2010: MAX's* third year on the road
(a high mileage homebuilt for Mother Earth News)
*MAX now stands for Mother's Automotive eXperiment
Jacky's holding the fort, Sharon and I are zooming around doing non-automotive stuff, Jacky's ordering and receiving parts, and parts are getting shipped to our customers, but there's no R&D happening right now, unless you count the cerebral kind. I've been looking over drawings and trying to figure a simple but streamlined body, since I'm not going to have time to get the exotic body built by spring.
The joy of the internet—one can do research at 3AM. I've been looking at antique (rather than maerely vintage) racecars since autumn, and the Bugatti Type 32 "Tank" caught my eye. Anyway, I Rhino'd up a modernized version (and rendered it in Bugatti Blue) and here you have it:
A coupe will be forthcoming.This modernized "Tank" body would be relatively easy to build, but it has one flaw that (thanks to my years of aircraft design and development) I hadn't thought of: it would be quite draggy in a crosswind. Other than during takeoff and landings, airplane don't deal with crosswinds. From the airplane's point of view, it's always going straight into the wind. Cars drive in crosswinds most of the time, and this car body needs rounder edges to work well in anything but a headwind, a tailwind, or a lull.
A colleague on ecomodder.com (botsapper is his screen name) invested an evening and came up with this variation on the "Tank" theme...
...which is pretty amazing, and I could put his 3D data into the Foam Ranger, and let it carve out a solid styrofoam pattern for me, but I won't have time for the finish work on a body that complex, plus that translucent roof would call for the air conditioner to run on 'High' all day. Meanwhile, I drew the coupe:
Oh well, at least I put a place in it for the centerline stop light—it's in the vertical fin, and high enough to be 50 state legal.
Sharon Westcott passed away in her sleep around 5AM Friday morning, April 16. It was so peaceful and easy that I had to say "...plus or minus half an hour..." when I gave the hospice nurse the time of death; no pain, no fear, the only thing wrong really was it came 30 years too early.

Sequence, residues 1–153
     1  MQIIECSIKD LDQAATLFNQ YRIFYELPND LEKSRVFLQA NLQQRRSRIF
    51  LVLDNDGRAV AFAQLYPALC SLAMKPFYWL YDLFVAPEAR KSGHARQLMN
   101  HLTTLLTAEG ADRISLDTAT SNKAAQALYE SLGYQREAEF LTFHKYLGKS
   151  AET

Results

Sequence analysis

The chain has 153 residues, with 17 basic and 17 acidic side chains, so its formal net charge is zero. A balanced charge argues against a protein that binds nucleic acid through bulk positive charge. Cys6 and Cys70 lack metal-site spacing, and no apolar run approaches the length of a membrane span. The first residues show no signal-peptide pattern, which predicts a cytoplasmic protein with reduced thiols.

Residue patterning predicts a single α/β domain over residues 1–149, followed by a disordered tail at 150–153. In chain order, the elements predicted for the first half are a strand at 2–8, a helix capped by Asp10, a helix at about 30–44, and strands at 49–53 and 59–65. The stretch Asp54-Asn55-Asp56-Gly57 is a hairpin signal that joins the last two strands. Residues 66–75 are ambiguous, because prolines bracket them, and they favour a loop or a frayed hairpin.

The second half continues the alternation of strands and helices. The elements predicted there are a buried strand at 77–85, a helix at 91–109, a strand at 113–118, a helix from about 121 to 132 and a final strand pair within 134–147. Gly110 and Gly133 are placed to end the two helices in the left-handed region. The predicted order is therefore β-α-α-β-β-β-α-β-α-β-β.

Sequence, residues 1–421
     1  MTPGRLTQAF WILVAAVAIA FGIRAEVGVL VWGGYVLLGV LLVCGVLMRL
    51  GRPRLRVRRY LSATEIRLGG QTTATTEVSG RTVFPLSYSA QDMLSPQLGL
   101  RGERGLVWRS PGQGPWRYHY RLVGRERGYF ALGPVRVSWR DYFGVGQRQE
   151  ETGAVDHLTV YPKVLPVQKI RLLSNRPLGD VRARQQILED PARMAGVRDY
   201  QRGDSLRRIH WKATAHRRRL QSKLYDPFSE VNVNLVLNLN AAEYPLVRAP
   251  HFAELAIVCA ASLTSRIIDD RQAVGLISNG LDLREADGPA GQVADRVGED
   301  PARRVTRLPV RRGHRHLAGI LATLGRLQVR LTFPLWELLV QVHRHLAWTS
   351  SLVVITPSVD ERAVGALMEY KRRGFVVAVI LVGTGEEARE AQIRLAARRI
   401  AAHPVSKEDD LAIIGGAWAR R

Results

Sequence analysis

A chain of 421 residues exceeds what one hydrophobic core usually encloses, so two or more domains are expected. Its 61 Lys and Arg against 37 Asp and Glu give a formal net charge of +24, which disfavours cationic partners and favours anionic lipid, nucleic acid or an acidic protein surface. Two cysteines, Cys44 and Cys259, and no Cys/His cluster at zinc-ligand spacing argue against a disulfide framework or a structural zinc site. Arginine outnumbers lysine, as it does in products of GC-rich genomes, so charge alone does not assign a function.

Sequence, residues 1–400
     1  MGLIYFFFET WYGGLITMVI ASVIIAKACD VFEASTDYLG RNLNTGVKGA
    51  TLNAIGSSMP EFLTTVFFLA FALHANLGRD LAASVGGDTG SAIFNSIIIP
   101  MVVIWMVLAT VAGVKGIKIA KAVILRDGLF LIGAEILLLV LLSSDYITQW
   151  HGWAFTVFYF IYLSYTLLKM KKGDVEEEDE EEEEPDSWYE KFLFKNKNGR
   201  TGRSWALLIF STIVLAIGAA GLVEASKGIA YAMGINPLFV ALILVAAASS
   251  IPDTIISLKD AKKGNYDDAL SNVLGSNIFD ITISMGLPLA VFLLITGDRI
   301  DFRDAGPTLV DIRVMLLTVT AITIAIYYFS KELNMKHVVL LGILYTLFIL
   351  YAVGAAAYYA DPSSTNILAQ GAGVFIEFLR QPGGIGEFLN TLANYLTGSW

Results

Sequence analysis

For those who knew her, I want you to know that your thoughts and prayers were appreciated. For those of you never met her, and who missed the experience of her friendship, well, she was a wonderful human being and you have my genuine sympathy.
From a practical standpoint, this means Kinetic Vehicles will be back to normal soon (though MAX may not win many competitions without Sharon on board—it will be tough to find an assistant/associate/adventuress/accomplice with her talent and flair), since I'm now retired as a caregiver. I appreciate everyone who supported me through this experience; your patience and understanding have been a huge help.
Our 2008 Escape from Berkeley adventure was her and my last competition together (though not our last blat, or even our last public appearance with MAX) and gosh but we had a great time. We made an unbeatable team (as proven by the fact that nobody beat us) and I'm so glad Sharon and I got to share that experience. We'd done a lot together, and she'd done plenty before we met, and goofy as it sounds I'd like everyone involved to know that in her retrospective last weeks, Sharon looked back on that event as a highlight of her well lived life.
I drove MAX down to Curtis Unlimited, where Fay and Burt Curtis make metal and fiberglass components to keep the world's fleet of vintage race cars running. The vintage racers are an interesting group; quite different from the folks that keep their collections under glass, and they're more interested in campaigning their cars than having every part authentic and traceable back to the factory. The rule of thumb seems to be, if a part is no longer available from the original manufacturer, a replica replacement part is acceptable, and few of the original manufacturers want to be bothered with keeping 50 year old parts in stock, so the Curtises have a nice little niche market.